Military veterans turned out in force Wednesday at Veterans Day observances in Baton Rouge thanking them for their service to the country.

Frank Banta Sr., of Sunshine, was one of 59 veterans who made it to Runnels School for the school’s annual musical tribute to veterans. On Tuesday, the former Army National Guard member attended a veterans remembrance at the Math, Science and Arts Academy in St. Gabriel for his granddaughter, Mary. On Wednesday, it was time to do the same for his great-granddaughter, Alexa LaPlace, a third-grader at Runnels.

Alexa, with the help of her effusive mother, Amy Allen, presented Banta with an elaborate, multi-page thank you card addressed to “Paw Paw Frank.” Banta was a good sport, but he clearly didn’t like all the hubbub.

“No, but it makes them happy,” he shrugged.

Melissa Wilson, of Baton Rouge, is another veteran not so used to the limelight. Her stepdaughter, Cosby Harris, is also a third-grader at Runnels. Wilson served in the Louisiana Army National Guard, including a stint on active duty in the aftermath of 2005’s Hurricane Katrina. She initially came to provide security, but the work soon turned to rebuilding flooded New Orleans.

She was touched by the many examples of personal charity she saw in the midst of such adversity.

“I learned a lot of things during that time that changed my life,” Wilson said. “I know that people are good and that they will help people.”

Charles Barbre, of Baton Rouge, was drafted to serve in Vietnam, but he avoided combat, serving the Army instead as a financial clerk. He even remembers his exact length of his service: 381 days, one hour and 10 minutes.

Barbre said he came to Runnels so his grandson, Arthur Ullo, who suffers from autism, might get a better sense of his service to the country, something the boy is at best only dimly aware of.

“I’m coming so he can see it, to personalize it,” Barbre said.

James Baecht, who retired from the Air Force after more than 22 years maintaining airplanes, attended the Runnels ceremony for his grandchildren, Dralyn and Kyler Johnson.

Baecht said he comes to veterans events so people will treat veterans with the appreciation they deserve. Baecht, of Baton Rouge, said this country has not always done that.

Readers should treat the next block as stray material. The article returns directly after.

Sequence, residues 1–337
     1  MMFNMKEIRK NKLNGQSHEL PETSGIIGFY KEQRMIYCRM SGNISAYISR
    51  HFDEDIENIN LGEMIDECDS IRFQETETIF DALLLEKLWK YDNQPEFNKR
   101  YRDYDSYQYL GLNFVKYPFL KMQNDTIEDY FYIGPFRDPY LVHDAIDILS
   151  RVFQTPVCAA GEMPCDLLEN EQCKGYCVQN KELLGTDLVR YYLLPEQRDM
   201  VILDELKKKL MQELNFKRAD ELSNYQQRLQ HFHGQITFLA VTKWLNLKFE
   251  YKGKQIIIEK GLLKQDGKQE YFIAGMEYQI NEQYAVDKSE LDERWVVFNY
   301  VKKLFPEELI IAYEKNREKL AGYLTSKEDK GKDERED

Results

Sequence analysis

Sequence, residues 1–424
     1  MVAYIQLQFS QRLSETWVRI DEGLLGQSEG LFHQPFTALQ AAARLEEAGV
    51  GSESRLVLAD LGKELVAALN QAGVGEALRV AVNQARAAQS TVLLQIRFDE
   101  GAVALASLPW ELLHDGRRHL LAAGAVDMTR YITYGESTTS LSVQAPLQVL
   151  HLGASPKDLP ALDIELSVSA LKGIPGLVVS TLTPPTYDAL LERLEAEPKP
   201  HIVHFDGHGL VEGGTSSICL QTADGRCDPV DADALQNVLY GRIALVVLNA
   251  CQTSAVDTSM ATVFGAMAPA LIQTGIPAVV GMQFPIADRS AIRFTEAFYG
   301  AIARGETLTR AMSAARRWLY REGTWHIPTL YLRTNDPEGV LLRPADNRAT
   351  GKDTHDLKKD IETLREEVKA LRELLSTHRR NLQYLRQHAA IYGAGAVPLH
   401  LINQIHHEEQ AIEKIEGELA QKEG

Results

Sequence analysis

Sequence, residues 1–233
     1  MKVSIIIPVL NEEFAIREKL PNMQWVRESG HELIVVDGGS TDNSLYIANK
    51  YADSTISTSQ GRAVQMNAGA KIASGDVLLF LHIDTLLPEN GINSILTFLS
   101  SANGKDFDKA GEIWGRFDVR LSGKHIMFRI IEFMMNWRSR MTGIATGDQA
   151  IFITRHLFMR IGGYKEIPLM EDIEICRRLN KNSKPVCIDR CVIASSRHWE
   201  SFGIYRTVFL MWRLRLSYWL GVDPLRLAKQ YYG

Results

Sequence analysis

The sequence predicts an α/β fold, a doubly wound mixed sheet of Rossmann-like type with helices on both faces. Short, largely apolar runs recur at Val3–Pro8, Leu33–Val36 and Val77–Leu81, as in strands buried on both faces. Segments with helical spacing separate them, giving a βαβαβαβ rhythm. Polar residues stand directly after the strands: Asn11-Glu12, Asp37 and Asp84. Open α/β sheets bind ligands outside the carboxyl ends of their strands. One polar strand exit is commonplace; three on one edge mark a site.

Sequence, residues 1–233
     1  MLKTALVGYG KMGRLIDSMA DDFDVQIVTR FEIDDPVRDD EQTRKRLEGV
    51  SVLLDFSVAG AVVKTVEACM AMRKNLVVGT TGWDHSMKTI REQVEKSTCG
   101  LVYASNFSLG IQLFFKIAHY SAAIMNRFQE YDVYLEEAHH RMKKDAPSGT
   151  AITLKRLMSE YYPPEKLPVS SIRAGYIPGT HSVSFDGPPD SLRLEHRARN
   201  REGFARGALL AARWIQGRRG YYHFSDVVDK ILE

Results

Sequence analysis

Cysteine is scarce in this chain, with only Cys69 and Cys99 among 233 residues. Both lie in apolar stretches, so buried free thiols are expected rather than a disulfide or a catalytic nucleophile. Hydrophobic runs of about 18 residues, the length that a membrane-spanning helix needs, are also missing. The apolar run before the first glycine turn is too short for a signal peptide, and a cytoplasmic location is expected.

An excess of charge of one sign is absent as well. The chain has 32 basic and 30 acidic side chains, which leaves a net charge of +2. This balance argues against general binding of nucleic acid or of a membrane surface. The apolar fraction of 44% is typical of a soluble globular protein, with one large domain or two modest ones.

“You remember Vietnam? When people got off the plane, they spit on them,” Baecht recalled with disgust.

On the other side of Baton Rouge, the Old State Capitol attracted more than 200 people, many of them veterans, for its annual Veterans Day Celebration, organized by the USS Kidd Veterans Museum.

The event attracted prominent guests including Louisiana gubernatorial candidate John Bel Edwards and Baton Rouge Mayor-President Kip Holden, who is running for lieutenant governor.

The keynote speaker was Mike McNaughton, who works as outreach director for the Louisiana Office of Veterans Affairs. McNaughton is best remembered for being one of the local area’s most prominent and earliest of the military injuries in the Afghanistan War. In January 2003 he stepped on a land mine, blowing off his leg from the knee down. The Denham Springs resident was soon after outfitted with a prosthetic leg and has since run several marathons and taken long bicycle trips.

McNaughton now spends his days advocating for other veterans.

He told the audience that just before speaking he’d received a call about a veteran suffering from post-traumatic stress disorder, who landed in jail after being arrested for alleged drunk driving.

He said the country needs to “step it up” in caring for veterans.

“We cannot fight in other countries, come back home and fight for our benefits ­– fight for what we’ve earned,” said McNaughton. “It happens again and again.”

The desire to revive the camaraderie of fellow troops was cited by several veterans.

“You grow attached to your brothers,” said Dan Dawson, who spent three years in the Army National Guard and three more in the Air Force’s strategic air command.

“Whether you’re Army, Marines, Air Force and Navy, they’re all still your brothers.”

Reginald Brown, who spent 20 years in the Army before retiring as a lieutenant colonel, said the duty he felt to his fellow soldiers was his overriding concern during his service.

“We don’t do it for recognition when you are in active fighting,” said Brown, of Baton Rouge.

“When I went to (Operation) Desert Storm, it wasn’t about getting Kuwait back from the Iraqis. It was about making sure that my soldiers had the proper leadership.”